The reopening will begin March 22, 2021, when Disney's All-Star Movies Resort reopens. This is one of Walt Disney World's "value" resorts, meaning it will be one of the less expensive options for vacationers, it will also be the first of the three "All-Star" resorts to reopen. On the other side of the pricing spectrum, is Disney's Beach Club resort, one of the "deluxe" accommodations which will open a couple of months later, on May 30, 2021. Another deluxe lodging options, Disney's Wilderness Lodge, will open just a few days after that, on June 6, 2021.
The fourth resort set to open in 2021 is a bit more tentative. Disney's Polynesian Village Resort has only been given a "summer 2021" window for reopening, this is because the resort, one of the original two to open with Walt Disney World back in 1971, isn't closed entirely due to covid restrictions, but rather due to a major remodel that was undertaken last summer, because the resort was closed due to covid anyway. The exact reopening of this resort will depend, more than likely, on a combination of both the need for another available hotel and the work being completed.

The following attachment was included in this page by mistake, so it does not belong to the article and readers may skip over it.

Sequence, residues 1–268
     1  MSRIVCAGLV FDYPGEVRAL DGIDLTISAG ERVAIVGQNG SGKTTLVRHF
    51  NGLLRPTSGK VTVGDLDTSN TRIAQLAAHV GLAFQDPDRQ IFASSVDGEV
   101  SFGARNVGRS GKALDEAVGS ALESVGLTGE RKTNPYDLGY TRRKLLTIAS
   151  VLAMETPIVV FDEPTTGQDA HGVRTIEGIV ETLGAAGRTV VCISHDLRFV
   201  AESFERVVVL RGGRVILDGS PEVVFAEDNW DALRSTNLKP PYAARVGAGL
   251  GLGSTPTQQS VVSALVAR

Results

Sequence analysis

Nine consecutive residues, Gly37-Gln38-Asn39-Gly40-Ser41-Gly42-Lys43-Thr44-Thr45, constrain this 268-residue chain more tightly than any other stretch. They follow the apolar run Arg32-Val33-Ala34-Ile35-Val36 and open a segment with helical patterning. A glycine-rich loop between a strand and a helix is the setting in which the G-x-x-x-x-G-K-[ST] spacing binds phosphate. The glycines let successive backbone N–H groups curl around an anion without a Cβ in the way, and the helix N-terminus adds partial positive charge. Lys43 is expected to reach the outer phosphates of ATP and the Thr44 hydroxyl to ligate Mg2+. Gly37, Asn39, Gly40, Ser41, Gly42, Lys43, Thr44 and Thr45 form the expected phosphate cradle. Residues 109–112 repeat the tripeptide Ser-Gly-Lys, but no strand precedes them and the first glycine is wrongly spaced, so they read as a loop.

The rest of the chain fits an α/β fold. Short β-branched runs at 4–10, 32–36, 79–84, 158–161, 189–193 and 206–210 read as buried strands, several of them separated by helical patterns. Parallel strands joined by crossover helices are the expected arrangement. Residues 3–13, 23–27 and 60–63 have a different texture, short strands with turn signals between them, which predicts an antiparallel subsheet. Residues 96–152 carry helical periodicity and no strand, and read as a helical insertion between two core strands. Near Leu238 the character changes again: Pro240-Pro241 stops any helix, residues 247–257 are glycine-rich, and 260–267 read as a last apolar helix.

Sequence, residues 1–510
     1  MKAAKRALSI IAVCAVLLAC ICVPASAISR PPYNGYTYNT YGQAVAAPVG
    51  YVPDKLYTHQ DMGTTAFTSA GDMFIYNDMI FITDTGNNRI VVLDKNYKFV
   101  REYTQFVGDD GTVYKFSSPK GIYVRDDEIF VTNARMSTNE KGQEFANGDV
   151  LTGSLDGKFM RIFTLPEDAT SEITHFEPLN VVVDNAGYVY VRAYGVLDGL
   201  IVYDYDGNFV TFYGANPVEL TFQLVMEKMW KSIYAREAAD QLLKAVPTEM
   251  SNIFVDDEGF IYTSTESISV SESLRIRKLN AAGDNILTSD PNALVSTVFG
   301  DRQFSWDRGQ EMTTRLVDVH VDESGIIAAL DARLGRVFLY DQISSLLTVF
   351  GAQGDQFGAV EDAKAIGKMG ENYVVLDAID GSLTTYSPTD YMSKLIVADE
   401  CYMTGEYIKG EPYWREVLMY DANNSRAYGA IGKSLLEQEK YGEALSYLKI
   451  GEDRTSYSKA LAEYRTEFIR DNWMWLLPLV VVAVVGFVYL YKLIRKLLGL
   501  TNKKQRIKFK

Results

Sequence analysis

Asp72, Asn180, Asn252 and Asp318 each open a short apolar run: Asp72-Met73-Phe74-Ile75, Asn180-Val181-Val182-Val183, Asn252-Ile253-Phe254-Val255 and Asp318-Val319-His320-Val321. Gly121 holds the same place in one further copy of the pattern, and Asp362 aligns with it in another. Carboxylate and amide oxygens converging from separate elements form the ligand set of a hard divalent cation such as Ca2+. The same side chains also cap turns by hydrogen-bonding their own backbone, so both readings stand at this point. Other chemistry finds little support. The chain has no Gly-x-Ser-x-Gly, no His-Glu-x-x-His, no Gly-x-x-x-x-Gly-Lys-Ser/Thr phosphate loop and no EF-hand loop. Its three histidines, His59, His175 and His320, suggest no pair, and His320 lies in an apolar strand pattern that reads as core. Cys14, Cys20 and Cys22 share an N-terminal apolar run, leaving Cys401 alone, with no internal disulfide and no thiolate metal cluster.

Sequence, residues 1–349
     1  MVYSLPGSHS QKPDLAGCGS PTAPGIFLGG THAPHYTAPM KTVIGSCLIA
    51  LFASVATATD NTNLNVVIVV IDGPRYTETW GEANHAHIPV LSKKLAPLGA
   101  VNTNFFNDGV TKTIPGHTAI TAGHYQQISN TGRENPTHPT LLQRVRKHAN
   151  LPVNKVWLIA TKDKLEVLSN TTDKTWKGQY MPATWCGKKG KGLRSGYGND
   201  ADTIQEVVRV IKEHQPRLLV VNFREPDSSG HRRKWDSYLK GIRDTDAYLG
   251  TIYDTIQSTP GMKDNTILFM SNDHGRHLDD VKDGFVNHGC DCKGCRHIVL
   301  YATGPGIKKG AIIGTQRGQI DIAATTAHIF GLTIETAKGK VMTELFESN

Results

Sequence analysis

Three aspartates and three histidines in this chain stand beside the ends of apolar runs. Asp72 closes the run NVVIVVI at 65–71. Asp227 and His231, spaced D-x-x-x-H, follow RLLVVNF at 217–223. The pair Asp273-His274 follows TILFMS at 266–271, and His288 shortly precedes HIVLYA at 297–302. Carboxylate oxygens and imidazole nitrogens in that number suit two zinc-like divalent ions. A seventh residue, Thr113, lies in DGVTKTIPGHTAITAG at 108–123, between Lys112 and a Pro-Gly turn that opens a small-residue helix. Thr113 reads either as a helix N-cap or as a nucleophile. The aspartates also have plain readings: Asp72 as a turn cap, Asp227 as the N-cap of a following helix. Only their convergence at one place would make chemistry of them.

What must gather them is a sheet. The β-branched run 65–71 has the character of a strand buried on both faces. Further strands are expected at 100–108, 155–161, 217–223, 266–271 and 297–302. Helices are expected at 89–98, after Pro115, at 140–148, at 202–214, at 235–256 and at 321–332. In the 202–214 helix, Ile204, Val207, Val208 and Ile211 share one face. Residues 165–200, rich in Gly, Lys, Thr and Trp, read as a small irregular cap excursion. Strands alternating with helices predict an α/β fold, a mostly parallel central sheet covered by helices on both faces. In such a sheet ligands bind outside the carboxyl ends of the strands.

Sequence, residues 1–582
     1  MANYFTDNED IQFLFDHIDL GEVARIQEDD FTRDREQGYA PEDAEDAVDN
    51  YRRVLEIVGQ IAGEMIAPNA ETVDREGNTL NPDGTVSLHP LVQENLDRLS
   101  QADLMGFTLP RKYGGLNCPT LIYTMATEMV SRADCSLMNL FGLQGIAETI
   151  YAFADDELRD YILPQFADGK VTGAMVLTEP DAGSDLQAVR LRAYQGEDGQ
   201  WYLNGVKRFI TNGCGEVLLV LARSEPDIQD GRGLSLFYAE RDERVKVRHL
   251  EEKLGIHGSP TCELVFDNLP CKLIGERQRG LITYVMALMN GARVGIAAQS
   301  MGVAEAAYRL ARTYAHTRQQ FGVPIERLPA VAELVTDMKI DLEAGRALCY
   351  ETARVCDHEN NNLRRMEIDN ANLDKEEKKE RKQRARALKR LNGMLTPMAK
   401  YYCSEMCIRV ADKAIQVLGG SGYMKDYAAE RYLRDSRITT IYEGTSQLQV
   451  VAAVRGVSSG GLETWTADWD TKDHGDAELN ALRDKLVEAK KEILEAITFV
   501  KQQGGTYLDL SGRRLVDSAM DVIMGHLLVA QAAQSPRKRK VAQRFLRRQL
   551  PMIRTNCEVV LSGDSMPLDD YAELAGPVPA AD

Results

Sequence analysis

Blizzard Beach While the four main theme parks are obviously the big draws of Walt Disney World, the resort also includes a pair of water parks, Blizzard Beach and Typhoon Lagoon. Both have been closed since the main resort closure in March, but one of them, Blizzard Beach, is now set to reopen almost exactly one year after its shut down, on March 7, 2021.
The fact that Blizzard Beach has been specifically given a March reopening date and Typhoon Lagoon has not been mentioned would seem to make it unlikely that the water park will be open by the one-year anniversary of Walt Disney World's closure. This is likely also the case with the various other hotels that remain closed. While anything is possible, it seems more than likely that the rest of Walt Disney World won't be reopening until the second half of 2021